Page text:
|Place of origin||Philippines|
|Region or state||Pampanga|
|Main ingredients||Oxtail, peanut sauce, vegetables|
|Variations||Goat meat kare-kare|
|Cookbook: Kare-kare Media: Kare-kare|
Kare-kare is a Philippine stew. It is made from a base of stewed oxtail (sometimes this is the only meat used), pork hocks, calves feet, pig feet, beef stew meat, and occasionally offal or tripe. Vegetables, which include (but are not limited to) eggplant, Chinese cabbage, or other greens, daikon, green beans, and asparagus beans are added — usually equaling or exceeding the amount of meats. The stew is flavored with ground roasted peanuts or peanut butter, onions, and garlic. It is colored with annatto (extracted from annatto seeds in oil or water) and can be thickened with toasted or plain ground rice. Other flavorings may be added, but the dish is usually quite plain, compared to other Filipino dishes. Other seasonings are added at the table. Variants may include goat meat or (rarely) chicken. It is often eaten with bagoong (shrimp paste), sometimes spiced with chili, bagoong guisado (spiced and sautéed shrimp paste), and sprinkled with calamansi juice. Traditionally, any Filipino fiesta (particularly in Pampanga region) is not complete without kare-kare. In some Filipino-American versions of the dish, oxtail is exclusively used as the meat.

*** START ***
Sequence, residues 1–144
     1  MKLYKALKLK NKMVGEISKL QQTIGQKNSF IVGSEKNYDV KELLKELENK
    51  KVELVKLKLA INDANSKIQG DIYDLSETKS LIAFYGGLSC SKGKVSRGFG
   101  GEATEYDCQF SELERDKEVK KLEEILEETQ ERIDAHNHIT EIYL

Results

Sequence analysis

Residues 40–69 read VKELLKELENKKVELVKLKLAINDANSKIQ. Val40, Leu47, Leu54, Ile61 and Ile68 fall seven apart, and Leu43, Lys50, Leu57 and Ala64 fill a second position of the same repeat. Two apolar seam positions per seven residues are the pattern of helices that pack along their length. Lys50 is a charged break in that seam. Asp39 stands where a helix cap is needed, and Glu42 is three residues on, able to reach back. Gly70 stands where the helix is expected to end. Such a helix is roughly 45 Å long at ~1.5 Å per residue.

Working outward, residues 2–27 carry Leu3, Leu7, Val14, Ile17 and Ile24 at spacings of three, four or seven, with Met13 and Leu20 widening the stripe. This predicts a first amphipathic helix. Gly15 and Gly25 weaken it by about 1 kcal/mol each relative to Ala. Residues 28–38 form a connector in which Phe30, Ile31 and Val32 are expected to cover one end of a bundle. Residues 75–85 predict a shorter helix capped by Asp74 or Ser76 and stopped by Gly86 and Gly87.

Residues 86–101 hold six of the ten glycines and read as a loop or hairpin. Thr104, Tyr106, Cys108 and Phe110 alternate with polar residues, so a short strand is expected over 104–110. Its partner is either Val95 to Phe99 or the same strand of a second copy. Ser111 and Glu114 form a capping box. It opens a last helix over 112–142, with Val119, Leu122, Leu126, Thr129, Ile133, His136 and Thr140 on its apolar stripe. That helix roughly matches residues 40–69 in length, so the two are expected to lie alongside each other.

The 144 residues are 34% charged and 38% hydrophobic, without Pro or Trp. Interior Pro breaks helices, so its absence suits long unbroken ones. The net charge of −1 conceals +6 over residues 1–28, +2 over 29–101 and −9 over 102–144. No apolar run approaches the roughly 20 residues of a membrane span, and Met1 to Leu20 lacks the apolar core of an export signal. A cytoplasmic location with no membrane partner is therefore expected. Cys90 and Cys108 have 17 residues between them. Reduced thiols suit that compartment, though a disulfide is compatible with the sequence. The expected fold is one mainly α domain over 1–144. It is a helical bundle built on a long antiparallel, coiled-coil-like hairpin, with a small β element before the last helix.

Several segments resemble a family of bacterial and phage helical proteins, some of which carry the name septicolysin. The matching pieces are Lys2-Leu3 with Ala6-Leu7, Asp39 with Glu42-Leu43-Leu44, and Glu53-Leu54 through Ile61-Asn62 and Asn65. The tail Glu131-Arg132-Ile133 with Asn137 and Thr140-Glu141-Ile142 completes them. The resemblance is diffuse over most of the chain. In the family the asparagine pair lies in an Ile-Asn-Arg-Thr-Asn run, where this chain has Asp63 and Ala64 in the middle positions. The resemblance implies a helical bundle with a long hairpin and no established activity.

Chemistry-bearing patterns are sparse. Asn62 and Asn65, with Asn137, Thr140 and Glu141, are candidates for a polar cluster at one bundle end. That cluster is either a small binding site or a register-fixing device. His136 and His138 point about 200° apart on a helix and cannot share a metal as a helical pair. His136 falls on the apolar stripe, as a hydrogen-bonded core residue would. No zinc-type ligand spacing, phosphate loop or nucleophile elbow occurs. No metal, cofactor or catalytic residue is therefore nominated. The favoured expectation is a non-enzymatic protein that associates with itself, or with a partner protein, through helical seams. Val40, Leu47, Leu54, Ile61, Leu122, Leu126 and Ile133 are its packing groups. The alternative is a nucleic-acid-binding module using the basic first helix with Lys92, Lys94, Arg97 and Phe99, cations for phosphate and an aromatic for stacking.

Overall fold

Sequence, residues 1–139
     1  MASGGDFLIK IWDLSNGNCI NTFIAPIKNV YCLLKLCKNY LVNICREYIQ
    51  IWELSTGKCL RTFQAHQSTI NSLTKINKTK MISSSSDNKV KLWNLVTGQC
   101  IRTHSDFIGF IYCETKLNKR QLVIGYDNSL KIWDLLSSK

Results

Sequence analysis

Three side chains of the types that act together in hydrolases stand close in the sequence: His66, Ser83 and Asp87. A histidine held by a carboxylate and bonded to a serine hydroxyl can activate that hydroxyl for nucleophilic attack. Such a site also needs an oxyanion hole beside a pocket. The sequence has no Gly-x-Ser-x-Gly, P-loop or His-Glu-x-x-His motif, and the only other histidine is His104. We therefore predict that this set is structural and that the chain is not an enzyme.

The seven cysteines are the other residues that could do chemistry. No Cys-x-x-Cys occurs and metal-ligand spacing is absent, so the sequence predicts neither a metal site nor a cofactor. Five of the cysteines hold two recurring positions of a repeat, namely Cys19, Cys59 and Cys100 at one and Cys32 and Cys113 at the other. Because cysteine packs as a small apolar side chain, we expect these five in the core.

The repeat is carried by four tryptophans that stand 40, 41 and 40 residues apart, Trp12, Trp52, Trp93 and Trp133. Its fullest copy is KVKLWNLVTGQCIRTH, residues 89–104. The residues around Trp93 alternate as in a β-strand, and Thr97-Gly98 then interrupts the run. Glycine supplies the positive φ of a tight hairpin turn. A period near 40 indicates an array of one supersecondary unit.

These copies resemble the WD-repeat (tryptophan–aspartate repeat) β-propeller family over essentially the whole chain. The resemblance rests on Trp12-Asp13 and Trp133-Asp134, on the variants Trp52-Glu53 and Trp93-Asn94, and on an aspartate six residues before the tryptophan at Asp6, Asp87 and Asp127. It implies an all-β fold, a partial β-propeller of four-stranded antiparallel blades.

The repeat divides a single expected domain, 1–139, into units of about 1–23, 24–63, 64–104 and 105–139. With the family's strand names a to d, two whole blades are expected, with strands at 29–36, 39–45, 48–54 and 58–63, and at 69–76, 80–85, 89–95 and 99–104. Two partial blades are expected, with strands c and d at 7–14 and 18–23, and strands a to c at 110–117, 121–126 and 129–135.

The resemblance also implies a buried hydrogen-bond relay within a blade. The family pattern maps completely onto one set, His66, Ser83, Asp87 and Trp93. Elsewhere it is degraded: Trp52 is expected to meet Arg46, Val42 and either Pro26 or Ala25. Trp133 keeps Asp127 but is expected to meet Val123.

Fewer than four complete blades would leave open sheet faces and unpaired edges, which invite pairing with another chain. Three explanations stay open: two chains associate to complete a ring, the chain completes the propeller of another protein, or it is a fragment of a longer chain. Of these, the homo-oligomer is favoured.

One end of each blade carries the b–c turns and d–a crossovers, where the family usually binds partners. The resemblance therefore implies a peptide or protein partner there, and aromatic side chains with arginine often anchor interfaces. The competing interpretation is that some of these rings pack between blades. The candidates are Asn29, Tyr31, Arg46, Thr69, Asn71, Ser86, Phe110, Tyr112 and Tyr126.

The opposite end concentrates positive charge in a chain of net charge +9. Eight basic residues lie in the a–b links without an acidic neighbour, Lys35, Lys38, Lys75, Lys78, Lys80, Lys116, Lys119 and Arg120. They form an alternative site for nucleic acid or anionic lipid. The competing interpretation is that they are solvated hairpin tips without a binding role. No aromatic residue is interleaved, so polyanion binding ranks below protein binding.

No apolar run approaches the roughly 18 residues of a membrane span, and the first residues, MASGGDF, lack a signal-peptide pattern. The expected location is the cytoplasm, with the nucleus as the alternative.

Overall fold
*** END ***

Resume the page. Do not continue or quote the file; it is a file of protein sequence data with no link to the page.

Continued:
As with many things in the Philippines, there are several stories as to the origins of this unusual, distinctly Filipino dish. The first one is that it came from Pampanga. Another has it coming from the regal dishes of the Moro elite who once settled in Manila before the Spanish arrival (interestingly enough, in Sulu and Tawi-Tawi, kare-kare remains a popular dish). Another is from Sepoy conscripts from Southern India that settled in Philippines during the British Occupation of the Philippines. Homesick, they improvise their own cuisine with available materials. They call it kari-kaari, curry, and now, kare-kare.
Oxtail, with the skin on and cut into 2-inch lengths, and ox tripe are boiled until tender. Sometimes pieces of ox feet or shins are added. When the meat is tender, the soup becomes gelatinous. Ground roasted peanuts (or peanut butter), ground roasted glutinous rice is added to make the soup thicker. Atsuete (annatto) is added to give color. The basic vegetables for kare-kare include young banana flower bud or "heart" (puso ng saging), eggplant, string beans, and Chinese cabbage (pechay). Kare-kare is often served hot with special bagoong alamang (sauteed salted shrimp paste).
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